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Marchers unite with Murrieta riders for immigrants

Participants take part in a march to raise awareness for immigrant’s rights along California Highway 33 from Firebaugh to Mendota on July 28, 2018. The marchers were a part of Saturday’s Joaquín Murrieta Pilgrimage of horseback riders on the route, who were in their second-of-three day ride honoring Murrieta.
Participants take part in a march to raise awareness for immigrant’s rights along California Highway 33 from Firebaugh to Mendota on July 28, 2018. The marchers were a part of Saturday’s Joaquín Murrieta Pilgrimage of horseback riders on the route, who were in their second-of-three day ride honoring Murrieta.

All immigrants were hailed and the message to President Donald J. Trump was sent from the Joaquín Murrieta Pilgrimage in east Fresno County.

Riders and marchers joined forces on the second-of-three day pilgrimage honoring Murrieta on Saturday (July 28) on a highway between Firebaugh and Mendota.. The annual pilgrimage attracts participants from throughout the state and, this year, immigrants’ rights are a big issue.

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Horseback riders in the Joaquín Murrieta Pilgrimage ride along Highway 33 from Firebaugh to Mendota on July 28. The riders were in their second-of-three day ride honoring Murrieta.

“This is for no more separation of families, no more deportations, and we want reform. We have the support of the Joaquín Murrieta riders,” said marcher Guadalupe Cervantes, who also organized about 20 marchers to come from Fresno.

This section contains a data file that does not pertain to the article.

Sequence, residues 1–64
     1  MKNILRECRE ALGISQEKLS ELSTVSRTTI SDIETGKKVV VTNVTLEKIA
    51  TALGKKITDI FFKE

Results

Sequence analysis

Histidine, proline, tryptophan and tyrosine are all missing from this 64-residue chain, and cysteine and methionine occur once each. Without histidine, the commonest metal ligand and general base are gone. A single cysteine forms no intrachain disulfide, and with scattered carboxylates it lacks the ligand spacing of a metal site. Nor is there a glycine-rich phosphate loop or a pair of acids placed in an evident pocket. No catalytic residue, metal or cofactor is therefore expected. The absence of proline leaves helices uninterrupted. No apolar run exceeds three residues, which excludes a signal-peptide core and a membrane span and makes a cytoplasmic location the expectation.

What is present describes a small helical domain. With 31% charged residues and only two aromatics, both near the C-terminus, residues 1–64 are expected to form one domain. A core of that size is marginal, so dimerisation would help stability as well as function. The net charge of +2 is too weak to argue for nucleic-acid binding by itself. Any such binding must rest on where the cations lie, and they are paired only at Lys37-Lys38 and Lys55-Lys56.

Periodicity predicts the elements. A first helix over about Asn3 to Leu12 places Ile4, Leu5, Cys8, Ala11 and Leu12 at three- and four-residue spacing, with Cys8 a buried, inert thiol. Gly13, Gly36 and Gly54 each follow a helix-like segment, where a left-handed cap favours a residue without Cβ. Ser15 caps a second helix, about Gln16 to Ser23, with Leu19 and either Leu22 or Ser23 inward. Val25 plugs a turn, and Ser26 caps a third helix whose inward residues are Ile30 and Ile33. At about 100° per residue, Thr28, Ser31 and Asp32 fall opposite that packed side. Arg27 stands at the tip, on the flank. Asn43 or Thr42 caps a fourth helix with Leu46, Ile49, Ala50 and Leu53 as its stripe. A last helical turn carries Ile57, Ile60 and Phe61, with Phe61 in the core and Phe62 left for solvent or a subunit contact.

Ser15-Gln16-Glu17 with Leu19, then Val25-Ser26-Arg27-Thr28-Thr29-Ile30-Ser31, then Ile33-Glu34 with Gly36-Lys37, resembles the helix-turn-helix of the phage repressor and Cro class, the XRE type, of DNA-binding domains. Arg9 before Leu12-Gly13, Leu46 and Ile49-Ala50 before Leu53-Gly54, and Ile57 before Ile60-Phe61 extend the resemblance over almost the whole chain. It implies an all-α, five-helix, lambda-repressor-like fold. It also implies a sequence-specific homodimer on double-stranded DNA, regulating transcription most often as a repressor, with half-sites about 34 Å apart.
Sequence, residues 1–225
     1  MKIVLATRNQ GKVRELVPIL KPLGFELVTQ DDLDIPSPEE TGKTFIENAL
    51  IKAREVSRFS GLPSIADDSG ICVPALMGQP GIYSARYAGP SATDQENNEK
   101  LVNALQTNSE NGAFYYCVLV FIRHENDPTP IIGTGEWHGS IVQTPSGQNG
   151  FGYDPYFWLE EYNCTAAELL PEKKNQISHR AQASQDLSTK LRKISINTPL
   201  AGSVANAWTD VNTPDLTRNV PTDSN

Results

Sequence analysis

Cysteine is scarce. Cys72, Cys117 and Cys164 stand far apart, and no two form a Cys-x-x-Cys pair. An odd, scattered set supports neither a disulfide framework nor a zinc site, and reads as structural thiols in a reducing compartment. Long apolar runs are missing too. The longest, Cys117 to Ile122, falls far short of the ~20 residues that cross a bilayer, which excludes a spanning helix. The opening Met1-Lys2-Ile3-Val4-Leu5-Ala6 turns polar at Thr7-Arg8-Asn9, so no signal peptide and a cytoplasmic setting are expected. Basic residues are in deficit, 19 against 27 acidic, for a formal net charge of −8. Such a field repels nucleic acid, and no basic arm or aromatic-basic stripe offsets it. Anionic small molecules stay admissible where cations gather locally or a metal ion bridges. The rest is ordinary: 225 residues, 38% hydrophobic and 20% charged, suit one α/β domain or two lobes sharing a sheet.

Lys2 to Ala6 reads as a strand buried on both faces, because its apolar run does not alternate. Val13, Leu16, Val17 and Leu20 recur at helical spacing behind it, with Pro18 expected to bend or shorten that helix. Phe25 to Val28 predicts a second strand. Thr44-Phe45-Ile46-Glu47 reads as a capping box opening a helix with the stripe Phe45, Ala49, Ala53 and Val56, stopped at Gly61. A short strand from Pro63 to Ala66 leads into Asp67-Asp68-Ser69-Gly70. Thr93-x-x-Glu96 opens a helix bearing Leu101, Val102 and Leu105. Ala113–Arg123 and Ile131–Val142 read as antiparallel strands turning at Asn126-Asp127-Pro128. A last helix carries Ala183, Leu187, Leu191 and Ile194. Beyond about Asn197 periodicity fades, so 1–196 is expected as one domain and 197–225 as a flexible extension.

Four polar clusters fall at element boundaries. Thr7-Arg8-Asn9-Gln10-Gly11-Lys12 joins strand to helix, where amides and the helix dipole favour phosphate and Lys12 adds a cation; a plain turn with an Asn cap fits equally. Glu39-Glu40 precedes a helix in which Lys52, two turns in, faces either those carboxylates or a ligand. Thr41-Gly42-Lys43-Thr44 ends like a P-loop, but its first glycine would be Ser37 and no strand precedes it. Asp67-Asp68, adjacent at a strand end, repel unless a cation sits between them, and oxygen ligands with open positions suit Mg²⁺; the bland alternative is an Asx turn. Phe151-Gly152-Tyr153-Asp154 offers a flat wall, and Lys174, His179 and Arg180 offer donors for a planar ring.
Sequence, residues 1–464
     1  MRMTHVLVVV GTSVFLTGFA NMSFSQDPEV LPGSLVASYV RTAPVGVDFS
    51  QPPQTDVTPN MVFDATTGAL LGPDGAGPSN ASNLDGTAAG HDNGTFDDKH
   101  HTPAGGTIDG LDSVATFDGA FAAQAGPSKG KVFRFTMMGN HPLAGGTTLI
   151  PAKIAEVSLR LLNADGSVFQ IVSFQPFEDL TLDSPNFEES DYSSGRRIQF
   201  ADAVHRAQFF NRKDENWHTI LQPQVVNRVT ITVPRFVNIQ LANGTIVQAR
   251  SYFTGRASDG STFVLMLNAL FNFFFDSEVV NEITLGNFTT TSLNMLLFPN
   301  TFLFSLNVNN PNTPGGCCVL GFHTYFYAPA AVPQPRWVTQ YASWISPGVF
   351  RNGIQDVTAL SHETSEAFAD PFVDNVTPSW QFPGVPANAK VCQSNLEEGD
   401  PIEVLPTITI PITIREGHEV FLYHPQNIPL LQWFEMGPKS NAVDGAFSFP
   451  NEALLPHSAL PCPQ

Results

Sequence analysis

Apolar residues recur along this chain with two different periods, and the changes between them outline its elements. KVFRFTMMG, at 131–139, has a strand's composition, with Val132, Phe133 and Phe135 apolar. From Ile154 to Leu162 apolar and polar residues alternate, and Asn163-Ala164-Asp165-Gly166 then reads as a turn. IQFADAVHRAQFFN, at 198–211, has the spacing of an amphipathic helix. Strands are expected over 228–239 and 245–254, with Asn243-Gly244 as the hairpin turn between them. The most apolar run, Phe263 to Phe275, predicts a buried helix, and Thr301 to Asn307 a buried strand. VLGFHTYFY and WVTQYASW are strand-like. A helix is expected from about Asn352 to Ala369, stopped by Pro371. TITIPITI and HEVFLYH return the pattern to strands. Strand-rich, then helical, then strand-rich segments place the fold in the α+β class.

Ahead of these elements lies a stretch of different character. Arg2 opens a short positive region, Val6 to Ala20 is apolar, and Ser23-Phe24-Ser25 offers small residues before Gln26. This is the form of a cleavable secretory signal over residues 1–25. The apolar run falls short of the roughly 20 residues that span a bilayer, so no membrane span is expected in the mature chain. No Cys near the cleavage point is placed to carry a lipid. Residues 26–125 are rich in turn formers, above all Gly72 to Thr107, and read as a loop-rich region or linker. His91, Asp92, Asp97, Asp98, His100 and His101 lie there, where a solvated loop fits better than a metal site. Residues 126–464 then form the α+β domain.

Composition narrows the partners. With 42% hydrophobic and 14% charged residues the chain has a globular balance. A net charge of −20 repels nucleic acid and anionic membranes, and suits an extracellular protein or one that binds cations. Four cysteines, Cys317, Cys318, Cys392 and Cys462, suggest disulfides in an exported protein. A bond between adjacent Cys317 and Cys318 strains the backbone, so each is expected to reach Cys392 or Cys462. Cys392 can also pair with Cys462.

The marchers chanted and motorists responded with honking horns along Highway 33, which is flanked by acreage of agriculture. They gathered at a park in Mendota after walking about 8 miles from Firebaugh. The Murrieta riders, many former and current farmworkers, showed their support in the ride.

“They left ahead of us,” said Edith González, the granddaughter of Julián Orozco, one of the organizers of the original local Murrieta ride in 1978.

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Raúl González crosses Highway 33 between Firebaugh and Mendota while riding the Joaquíín Murrieta Pilgrimage on July 28.

“They’re walking and we’ll catch up to them along the ride.”

Many felt the the march and Murrieta, who was also called the Mexican Robin Hood, is a fitting tribute. Thousands of immigrant workers arrived to this country to work the fields, and they should be respected for their input, said Stan Santos of the Comité de los Derechos de los Inmigrantes del Valle Central.

He added both Firebaugh and Mendota are huge immigrant, farmworking communities.

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Participants take part in a march to raise awareness for immigrant’s rights along California Highway 33 from Firebaugh to Mendota on July 28, 2018. The marchers were a part of Saturday’s Joaquín Murrieta Pilgrimage of horseback riders on the route, who were in their second-of-three day ride honoring Murrieta.

“We’re marching alongside the 40th anniversary of Murrieta ride, this is a very historical event, and I can see where they join together. We chose this leg of Firebaugh to Mendota because Firebaugh is an agricultural community,” said Santos.

“My father came around 1930 and they lived in tent cities, they built the early agricultural industry. Some went to war and then came back and contributed to this country. Mendota was a big Mexican community, but now has a big Salvadoran community, which has been affected by the cancellation of TPS (Temporary Protective Status) program.”

Approximately 300,000 immigrants living in the U.S. are affected by the cancellation of TPS, a program that offered immigrants entry to the U.S. and escape disaster and war in their respective countries.

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